Last week, Kenya’s ambassador to the United States, His Excellency Njeru Githae, addressed a capacity crowd Thursday as the keynote speaker at the Books for Africa annual fundraising luncheon at the Town and Country Club in St. Paul, sponsored by Thomson Reuters.

Introduced by Sharon Sayles Belton, vice president, Government Affairs and Community Relations for Thomson Reuters, Ambassador Githae – who earned a law degree from the Kenya School of Law – stressed the importance of education to the development of his country and emphasized how Kenya is keenly aware of its educational needs both structurally and materially.

“You just don’t know the difference these 1.8 million books meant to students in Kenya,” he said, citing the fact that since 1988, Kenya has been one of the top recipients of the more than 34 million books donated by Books for Africa.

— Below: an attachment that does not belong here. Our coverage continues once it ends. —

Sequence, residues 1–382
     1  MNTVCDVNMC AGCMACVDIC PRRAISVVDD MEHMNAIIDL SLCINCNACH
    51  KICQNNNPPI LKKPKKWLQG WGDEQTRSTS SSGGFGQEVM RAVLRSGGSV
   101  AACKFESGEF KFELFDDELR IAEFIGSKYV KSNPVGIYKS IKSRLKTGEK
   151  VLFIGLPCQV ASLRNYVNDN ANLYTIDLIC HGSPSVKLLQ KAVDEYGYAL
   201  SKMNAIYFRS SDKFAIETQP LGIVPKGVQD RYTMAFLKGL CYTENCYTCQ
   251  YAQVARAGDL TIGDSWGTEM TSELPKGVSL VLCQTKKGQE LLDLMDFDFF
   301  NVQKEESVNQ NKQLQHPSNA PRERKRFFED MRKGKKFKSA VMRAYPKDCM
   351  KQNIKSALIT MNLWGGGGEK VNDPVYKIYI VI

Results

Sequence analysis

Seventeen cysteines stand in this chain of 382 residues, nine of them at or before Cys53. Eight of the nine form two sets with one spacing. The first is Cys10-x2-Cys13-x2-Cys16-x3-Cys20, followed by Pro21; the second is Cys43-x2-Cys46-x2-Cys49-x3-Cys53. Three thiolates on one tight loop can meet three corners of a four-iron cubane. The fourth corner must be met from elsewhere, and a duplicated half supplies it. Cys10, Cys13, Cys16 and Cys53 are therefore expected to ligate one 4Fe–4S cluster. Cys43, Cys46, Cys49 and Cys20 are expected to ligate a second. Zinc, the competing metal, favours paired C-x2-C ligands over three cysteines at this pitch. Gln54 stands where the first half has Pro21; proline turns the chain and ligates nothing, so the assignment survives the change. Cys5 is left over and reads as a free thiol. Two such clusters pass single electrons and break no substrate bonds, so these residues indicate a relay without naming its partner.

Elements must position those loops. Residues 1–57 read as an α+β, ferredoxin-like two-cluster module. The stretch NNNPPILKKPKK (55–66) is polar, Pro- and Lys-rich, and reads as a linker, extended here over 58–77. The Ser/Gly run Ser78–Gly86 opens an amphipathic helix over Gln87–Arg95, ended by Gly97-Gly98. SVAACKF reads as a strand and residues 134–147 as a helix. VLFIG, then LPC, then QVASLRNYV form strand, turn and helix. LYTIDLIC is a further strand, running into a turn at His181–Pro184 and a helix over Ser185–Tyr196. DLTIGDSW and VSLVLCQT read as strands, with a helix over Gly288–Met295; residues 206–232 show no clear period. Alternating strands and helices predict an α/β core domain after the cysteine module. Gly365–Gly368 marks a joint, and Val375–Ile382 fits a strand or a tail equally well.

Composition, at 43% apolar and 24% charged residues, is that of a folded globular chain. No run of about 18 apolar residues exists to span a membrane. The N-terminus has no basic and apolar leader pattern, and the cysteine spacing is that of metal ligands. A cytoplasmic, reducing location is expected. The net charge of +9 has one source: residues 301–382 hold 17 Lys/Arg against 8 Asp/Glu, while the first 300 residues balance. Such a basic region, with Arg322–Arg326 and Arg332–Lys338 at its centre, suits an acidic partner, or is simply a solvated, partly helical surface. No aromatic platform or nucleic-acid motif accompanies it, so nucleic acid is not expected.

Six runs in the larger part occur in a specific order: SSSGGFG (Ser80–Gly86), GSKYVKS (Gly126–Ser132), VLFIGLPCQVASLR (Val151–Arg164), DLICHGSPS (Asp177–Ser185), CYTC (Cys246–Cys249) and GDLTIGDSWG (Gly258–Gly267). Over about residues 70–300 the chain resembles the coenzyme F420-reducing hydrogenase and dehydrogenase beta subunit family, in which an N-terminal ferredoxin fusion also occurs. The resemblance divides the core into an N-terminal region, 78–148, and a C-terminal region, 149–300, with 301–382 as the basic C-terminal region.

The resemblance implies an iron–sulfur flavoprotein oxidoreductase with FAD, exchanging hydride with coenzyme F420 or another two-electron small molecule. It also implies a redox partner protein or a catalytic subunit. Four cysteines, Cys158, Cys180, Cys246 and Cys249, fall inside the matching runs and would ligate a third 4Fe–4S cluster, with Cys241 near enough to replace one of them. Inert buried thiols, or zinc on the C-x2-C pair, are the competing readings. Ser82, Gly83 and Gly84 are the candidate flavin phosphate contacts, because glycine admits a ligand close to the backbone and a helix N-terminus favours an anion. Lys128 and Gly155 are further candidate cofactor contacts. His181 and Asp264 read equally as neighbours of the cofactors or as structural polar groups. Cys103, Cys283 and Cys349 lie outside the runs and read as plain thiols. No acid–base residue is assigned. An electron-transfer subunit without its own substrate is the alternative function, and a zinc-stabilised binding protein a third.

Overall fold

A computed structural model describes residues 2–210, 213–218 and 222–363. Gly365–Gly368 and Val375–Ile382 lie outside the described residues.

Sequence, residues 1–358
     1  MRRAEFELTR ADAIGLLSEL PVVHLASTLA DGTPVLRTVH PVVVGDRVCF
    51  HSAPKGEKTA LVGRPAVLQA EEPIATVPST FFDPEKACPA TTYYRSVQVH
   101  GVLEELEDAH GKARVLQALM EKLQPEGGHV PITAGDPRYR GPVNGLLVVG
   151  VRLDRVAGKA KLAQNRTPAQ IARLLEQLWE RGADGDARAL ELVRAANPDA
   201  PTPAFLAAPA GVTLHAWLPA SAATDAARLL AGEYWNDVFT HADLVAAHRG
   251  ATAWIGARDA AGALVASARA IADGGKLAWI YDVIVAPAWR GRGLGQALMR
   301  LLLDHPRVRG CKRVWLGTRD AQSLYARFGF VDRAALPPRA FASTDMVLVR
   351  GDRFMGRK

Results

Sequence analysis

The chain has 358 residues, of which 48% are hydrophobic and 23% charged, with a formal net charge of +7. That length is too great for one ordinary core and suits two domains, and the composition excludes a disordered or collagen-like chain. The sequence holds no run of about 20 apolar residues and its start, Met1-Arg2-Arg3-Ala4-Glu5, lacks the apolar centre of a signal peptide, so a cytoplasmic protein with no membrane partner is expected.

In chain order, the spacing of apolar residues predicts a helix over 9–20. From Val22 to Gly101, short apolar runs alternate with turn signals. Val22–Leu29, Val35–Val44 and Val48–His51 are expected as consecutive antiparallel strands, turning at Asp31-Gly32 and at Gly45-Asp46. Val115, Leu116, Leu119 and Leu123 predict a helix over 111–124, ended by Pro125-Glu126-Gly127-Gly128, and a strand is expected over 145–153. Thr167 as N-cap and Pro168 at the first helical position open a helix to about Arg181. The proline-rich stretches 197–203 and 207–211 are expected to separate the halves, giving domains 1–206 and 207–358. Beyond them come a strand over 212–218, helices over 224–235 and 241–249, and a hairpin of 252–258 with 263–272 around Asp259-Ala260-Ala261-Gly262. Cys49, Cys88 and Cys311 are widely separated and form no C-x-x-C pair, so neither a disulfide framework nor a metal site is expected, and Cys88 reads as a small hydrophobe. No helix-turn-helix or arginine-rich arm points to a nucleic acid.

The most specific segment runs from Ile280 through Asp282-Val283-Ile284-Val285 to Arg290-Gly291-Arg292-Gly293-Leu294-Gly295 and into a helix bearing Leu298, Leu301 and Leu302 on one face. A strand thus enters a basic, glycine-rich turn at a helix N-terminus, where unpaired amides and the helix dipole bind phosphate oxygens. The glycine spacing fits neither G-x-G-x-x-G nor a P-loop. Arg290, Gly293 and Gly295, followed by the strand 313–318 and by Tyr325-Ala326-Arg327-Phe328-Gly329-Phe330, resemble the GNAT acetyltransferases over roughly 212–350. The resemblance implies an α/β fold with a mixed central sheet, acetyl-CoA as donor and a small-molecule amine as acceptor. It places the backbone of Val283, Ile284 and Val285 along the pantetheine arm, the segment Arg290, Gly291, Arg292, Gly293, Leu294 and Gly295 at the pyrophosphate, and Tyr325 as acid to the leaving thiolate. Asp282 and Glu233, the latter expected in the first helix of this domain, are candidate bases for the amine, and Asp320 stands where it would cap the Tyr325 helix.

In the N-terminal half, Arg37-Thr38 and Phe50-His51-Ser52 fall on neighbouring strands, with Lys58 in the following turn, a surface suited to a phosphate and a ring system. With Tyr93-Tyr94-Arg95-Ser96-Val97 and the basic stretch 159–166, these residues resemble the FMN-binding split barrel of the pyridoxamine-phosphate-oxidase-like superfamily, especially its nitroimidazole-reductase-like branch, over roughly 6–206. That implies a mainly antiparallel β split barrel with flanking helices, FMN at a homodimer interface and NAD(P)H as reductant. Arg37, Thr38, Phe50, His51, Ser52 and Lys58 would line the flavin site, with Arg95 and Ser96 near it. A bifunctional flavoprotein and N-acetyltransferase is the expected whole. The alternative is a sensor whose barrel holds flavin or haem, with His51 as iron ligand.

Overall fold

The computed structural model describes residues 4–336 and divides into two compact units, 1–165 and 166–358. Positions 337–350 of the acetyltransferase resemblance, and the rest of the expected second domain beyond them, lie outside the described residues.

During his own days as a school child in Kenya, Githae shared one text book among 10 students. “Kenya still has a lack of teachers, teaching materials and text books – for curriculum and pleasure,” he said. His country today also faces the continuous challenge of violence and terrorist extremism. “Education is the bulwark against this violence and extremism,” he said.

Githae explained that BFA has helped build opportunity in Kenya but even more books are needed. “The donation of books to children is huge. Please know that whatever your donation is to Books for Africa, it benefits the children there.”

The luncheon also featured returned Peace Corp volunteer, Anna Nathanson, who helped stock and open a library in Camaroon, with books donated through Books for Africa. Tom Warth, founder of Books for Africa, gave the closing remarks, citing that of the one billion people in Africa, half are children. “We’ve got to do more. A child growing up and never touching a book is a terrible thing.”

This post was written by Juliana Bryarly, a member of the Thomson Reuters Legal communications team.



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